Zinc L Carnosine Prevents Intestinal Damage, Pain, Inflammation of Strong Arthritis Meds (Indocin, Indomethacin)

Topics: Aging and Costs of Aging, Vitamins and Supplements, Wellness and Health

…and, good news for meat eaters.

Zinc-Carnosine is found in meat not plants, and in dietary supplements. It is stored in our muscles and in the brain.

When given to 10 people with 150 milligrams of indomethacin (a powerful prescription dose), 37.5mg of zinc carnosine twice daily stabilized the lining of the small intestine and prevented the intestine from being penetrated by the indomethacin.

Protecting the intestine usually means less inflammation and less bleeding, and less pain.

Zinc-carnosine has been reported to reduce GI side effects in people being treated for Hepatitis C. and has a long history of use as complementary therapy.

In Japan, Zinc Carnosine is available only by prescription, and is approved for gastric ulcers.

It improved the cure rate for H. Pylori stomach ulcers from 86 percent to 100 percent in 66 consecutive patients.

In animals, carnosine prevents rusting of fats in cell membranes, and blocks toxins that are created. This may be how carnosine reduces damage from arthritis medication indomethacin.

Other scientists have considered zinc carnosine as an anti-ulcer drug and therapy for inflammatory bowel syndrome.

They believe it activates nf-kb, which
a naturally protective anti-inflammatory protein.

Rich food sources of Zinc-l-carnosine“> are lean meats, such as red meats that end in -loin, such as sirloin and tenderloin, and buffalo, elk and other game meats.

Poultry and fish also contain carnosine: a serving of 4 ounces of animal protein offers between 50 and 250mg of carnosine, depending on the meat, though absorption is variable.

If you have to take strong arthritis meds, you shouldn’t have to have the side effects. Zinc-carnosine supplements may help.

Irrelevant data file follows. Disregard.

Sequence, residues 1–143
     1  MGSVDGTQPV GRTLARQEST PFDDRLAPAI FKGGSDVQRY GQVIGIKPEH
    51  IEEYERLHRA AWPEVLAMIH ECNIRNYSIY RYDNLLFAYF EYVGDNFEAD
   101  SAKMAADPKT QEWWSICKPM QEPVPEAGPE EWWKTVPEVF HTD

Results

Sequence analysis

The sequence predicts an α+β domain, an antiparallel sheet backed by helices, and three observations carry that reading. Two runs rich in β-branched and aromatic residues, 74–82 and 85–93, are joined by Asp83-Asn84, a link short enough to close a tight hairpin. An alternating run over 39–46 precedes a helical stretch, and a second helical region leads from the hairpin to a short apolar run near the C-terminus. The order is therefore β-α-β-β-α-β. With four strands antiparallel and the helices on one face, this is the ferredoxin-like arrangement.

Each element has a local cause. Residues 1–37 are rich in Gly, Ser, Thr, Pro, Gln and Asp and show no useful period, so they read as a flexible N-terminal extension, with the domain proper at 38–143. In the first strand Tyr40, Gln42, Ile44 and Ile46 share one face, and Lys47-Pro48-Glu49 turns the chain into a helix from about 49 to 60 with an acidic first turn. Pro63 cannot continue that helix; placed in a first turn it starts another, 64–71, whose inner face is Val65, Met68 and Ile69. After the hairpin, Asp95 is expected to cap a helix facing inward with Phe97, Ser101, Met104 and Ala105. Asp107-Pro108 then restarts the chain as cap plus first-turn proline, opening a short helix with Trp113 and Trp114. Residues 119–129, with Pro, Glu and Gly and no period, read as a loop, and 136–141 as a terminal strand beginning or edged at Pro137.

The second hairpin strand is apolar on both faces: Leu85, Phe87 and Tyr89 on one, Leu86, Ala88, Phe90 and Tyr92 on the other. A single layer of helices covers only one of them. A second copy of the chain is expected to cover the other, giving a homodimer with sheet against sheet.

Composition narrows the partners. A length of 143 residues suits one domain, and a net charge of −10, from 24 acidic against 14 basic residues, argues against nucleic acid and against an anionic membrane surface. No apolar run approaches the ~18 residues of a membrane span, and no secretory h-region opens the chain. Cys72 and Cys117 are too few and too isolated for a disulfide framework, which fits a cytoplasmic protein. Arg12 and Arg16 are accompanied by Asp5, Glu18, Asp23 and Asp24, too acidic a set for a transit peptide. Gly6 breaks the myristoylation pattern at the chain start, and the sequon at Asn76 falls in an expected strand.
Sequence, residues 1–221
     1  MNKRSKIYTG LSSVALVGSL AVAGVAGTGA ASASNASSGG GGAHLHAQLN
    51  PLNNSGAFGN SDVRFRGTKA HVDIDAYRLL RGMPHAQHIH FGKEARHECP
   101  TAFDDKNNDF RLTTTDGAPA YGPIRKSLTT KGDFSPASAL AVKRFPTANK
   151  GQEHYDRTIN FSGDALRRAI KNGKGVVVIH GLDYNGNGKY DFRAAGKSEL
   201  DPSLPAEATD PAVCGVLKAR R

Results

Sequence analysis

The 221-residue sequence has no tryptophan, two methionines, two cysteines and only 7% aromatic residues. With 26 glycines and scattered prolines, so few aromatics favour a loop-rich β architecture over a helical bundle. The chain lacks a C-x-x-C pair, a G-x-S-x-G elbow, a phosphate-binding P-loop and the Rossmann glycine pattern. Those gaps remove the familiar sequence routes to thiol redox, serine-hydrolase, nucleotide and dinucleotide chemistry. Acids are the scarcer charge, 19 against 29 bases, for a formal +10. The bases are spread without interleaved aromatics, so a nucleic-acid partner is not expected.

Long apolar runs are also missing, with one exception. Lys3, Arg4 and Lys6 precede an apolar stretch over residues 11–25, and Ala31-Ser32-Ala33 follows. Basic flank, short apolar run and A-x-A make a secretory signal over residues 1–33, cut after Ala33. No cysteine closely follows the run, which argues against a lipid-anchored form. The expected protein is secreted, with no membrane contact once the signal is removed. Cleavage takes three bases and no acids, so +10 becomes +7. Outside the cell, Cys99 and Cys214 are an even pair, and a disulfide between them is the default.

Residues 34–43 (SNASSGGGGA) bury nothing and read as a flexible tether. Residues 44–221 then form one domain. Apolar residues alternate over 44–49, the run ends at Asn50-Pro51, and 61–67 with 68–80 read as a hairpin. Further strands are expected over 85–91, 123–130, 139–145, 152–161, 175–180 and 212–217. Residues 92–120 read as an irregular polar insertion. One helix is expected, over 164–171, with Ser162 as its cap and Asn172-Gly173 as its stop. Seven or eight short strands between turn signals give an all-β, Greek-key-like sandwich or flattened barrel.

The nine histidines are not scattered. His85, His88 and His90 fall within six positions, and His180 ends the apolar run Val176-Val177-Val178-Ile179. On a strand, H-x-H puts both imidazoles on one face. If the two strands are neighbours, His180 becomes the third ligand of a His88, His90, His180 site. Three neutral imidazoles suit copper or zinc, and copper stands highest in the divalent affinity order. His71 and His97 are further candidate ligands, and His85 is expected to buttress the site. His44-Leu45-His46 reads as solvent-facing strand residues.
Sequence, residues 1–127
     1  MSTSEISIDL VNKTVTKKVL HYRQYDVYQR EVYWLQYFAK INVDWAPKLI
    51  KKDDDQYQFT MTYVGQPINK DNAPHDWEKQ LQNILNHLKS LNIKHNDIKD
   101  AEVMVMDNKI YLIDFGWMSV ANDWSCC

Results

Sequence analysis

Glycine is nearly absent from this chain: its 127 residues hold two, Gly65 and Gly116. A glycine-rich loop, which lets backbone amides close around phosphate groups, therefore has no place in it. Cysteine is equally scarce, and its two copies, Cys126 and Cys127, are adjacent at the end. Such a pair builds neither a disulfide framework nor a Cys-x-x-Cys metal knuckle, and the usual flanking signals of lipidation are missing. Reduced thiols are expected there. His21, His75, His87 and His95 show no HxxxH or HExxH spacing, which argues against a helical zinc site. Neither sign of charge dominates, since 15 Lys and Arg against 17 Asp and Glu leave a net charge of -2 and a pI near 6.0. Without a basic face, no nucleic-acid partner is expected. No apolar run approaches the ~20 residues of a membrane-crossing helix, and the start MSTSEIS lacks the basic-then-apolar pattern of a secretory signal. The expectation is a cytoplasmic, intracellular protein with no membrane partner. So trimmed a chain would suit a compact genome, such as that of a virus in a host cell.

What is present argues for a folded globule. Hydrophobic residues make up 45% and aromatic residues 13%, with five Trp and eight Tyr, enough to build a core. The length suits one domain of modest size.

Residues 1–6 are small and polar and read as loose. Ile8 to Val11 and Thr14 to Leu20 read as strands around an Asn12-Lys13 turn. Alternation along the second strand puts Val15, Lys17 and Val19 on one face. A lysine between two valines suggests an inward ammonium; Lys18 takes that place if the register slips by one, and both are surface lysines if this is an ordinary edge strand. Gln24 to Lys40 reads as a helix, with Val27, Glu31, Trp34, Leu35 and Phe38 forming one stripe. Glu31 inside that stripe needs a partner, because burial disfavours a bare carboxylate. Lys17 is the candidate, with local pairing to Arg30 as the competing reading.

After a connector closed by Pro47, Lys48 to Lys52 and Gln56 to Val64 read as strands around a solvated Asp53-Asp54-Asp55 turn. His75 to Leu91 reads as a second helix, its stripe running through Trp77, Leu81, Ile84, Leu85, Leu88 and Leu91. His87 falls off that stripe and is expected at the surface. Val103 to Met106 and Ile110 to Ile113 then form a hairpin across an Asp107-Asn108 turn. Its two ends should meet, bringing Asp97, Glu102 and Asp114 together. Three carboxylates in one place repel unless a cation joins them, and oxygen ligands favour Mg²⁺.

• Goat

    It was my understanding that zinc-l-carnosine was synthesized in Japan in a laboratory and that it does not exist naturally in that form in foods. Can you please clarify this for me? Thanks

  • That’s some of my understanding too: carnosine (also known as L carnosine) is a naturally occurring dipeptide (comprising β‐alanine and l‐histidine) which is an anti-oxidant, antiglycator and scavenger of zinc and copper ions that is likely to suppress oxidative stress. So zinc carnosine occurs as part of reactions in the body, though probably transiently.

    Zinc carnosine (ZnC) as a supplement is apparently “an artificially produced derivative of carnosine, where zinc and carnosine are linked in a one‐to‐one ratio to provide a polymeric structure.”

  • Leo Marcell

    You are right. The compound was created in Japan in 1983 by combining zinc and carnosine. The author makes it sound as if it is a naturally occurring compound that one can get through diet. The concentrations of zinc/carnosine are carefully measured to achieve a 1:1 ratio. All the studies done have use these ‘standardized compound’ and not food which is unlikely to achieve the results of the study. In other words, get the supplement and don’t experiment with diet as it is hard to duplicate the exact doses used in the scientific studies.